Friday, July 05, 2019
Thoughts from attending E-Commerce Seminar Previews.
There was one last preview I attended prior to my trip to Australia and that is one that talks about E-Commerce. This last talk was draining because the trainer seemed to be quite good at saying nothing for quite a number of hours. Because this seemed to me like an entrepreneurship workshop, I can't really rely on my financial knowledge to deconstruct the talk.
I will instead paint the general idea of how what you are likely to learn in this course :
a) First you source for things to sell from a wholesaler.
b) Then you bring a few units it into your home and keep it there.
c) After which you attempt to sell it on a modern sales platform on the Web.
The rest of the preview, the trainer addresses the crowd's objection. If you do not wish to perform fulfilment, then you can engage in drop-shipping the items direct to your customer. If you don't know what to sell, the trainer will even recommend a product to you, potentially creating a conflict of interest as he may get kickbacks from the manufacturer.
A couple of things bugged me about this talk :
There are generally ridiculous promises of five-digit revenues you can potentially earn every month reselling items on sales platforms. It may actually be true, but take note that revenues do not equal profits and the audience went away not really knowing how much this opportunity is rally worth. I am inclined to believe that the sales figures were grossly exaggerated. Big numbers are possible, but just not probable.
A seasoned eye can often tell when the trainer hires people as fake customers. A real customer does not enthusiastically run to the booth to register for the course like the kind of psycho who shows up Anthony Robbins seminars.
Business and financial courses cost real money.
If you really want to fake an enthusiastic crowd, show them how to hesitate before deciding to buy a course. In my own preview last night, one customer did indeed rush to the booth to sign up immediately - She was the talk of the town for the rest of the evening from my colleagues.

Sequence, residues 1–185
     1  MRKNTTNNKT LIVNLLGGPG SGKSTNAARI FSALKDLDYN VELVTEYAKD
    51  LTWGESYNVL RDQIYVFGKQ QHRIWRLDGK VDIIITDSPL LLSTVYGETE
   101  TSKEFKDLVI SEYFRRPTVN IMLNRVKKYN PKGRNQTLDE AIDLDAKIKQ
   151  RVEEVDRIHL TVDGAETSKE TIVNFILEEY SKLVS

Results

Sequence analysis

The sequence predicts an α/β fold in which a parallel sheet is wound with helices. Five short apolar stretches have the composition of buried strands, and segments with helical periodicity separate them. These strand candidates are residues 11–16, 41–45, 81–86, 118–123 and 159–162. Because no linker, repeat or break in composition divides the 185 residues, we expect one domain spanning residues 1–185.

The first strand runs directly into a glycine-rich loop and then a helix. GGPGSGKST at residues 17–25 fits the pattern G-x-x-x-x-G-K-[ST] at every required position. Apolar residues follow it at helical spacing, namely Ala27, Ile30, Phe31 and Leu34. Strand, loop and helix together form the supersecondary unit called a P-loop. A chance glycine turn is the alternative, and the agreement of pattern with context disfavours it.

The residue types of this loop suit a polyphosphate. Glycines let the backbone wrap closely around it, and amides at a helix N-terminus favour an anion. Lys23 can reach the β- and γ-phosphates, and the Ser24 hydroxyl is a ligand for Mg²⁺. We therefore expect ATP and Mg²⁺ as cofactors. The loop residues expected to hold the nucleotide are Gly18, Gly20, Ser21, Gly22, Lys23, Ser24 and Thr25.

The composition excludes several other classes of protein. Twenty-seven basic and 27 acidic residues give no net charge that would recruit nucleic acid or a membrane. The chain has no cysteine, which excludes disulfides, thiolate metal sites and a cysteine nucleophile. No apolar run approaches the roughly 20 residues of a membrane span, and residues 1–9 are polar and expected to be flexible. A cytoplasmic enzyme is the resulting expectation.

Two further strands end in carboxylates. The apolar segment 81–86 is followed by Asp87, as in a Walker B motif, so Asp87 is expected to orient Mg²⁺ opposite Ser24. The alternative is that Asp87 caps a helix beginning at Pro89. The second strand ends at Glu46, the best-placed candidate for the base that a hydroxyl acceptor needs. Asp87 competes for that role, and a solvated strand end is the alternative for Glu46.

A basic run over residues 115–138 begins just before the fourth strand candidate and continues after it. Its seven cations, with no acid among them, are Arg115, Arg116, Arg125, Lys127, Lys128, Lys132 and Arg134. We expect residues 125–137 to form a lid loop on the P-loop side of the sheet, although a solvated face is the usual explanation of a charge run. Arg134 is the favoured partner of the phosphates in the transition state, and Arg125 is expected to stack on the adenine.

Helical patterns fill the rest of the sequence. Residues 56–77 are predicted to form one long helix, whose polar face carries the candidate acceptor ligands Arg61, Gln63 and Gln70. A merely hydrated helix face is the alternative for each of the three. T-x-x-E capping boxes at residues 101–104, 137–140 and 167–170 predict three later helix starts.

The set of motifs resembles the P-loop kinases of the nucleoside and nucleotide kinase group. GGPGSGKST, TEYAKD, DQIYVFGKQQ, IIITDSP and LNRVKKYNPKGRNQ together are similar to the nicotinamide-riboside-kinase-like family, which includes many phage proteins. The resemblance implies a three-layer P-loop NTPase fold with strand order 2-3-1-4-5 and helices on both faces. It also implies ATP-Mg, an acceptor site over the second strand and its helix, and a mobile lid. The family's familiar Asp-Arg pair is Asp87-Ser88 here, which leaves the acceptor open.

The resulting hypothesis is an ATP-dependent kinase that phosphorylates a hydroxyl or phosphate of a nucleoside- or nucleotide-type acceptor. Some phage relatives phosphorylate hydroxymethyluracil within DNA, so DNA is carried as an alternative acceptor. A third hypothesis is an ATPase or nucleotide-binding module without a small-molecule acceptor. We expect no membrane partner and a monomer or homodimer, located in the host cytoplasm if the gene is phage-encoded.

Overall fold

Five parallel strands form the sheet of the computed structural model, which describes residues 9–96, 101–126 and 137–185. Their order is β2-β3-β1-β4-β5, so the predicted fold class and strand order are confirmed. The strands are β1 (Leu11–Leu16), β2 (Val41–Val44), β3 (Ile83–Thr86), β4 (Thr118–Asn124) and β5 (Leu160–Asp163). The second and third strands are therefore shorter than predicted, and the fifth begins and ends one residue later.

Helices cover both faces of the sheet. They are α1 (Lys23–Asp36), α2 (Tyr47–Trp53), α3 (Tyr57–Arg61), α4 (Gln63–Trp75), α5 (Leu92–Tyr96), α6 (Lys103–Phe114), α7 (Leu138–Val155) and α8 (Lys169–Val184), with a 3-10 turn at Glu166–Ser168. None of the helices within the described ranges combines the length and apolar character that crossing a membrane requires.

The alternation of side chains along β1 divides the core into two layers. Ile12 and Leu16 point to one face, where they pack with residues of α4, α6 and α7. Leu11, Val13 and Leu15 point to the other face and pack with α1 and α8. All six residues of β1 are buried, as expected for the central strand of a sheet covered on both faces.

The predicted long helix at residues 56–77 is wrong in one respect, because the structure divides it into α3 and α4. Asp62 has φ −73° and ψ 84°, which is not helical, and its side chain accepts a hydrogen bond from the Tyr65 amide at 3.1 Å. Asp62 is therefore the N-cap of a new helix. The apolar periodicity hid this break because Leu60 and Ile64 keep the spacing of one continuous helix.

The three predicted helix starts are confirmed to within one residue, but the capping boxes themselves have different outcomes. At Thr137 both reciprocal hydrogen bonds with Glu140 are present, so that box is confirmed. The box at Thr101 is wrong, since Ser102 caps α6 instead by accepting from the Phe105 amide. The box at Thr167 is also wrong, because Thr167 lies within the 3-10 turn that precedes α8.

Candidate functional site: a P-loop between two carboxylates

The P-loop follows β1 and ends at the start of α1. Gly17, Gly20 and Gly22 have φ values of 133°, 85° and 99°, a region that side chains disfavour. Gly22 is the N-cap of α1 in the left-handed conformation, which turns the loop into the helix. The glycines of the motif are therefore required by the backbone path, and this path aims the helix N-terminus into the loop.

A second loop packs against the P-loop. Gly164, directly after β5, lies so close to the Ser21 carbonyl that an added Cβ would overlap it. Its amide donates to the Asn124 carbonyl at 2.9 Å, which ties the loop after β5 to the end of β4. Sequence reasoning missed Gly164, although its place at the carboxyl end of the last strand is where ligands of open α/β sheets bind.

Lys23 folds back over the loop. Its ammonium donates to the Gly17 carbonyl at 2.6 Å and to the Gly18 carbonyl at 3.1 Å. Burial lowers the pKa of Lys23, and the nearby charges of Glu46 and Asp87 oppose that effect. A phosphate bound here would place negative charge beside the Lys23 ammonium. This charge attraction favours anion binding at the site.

As fan service for this blog, I am actually going to recommend a business idea right here for anyone to address. The folks who produce Dungeons and Dragons recently made a dick move to grant Target early access to sell the D&D Essentials Kit.
I am putting the link right here :
I have been trying to get a copy through auctions but may be stuck paying double for this game. There exist a business opportunity for the next two months to bulk buy from Target and arbitrage to local gamers in Singapore. If you engage in this trade, let me know - I want to buy from you !
For folks who want cheaper access to business ideas, I strongly suggest reading Chris Guillebeau's 100 Side Hustles.
It is impossible to read this book and not have some novel business ideas of you own to earn some side income. This book has since been incorporated into my Early Retirement Masterclass reading list for incoming students.
I hope this E-Commerce talk will be the last talk I will attend in my journey to learn how to conduct previews. It is physically exhausting to listen to stories of how people succeed selling things without giving you any details on how to source and how much real money to expect when you start. I was lucky in the last two sessions on real estate because the presenters were fairly good looking.
From now on, my own previews will develop it's own character and even at the expense of some profits, I will be injecting more class and substance to my previews so that, even if you do not end up being a paying customer, it would be useful time spent and you can always read this blog for free.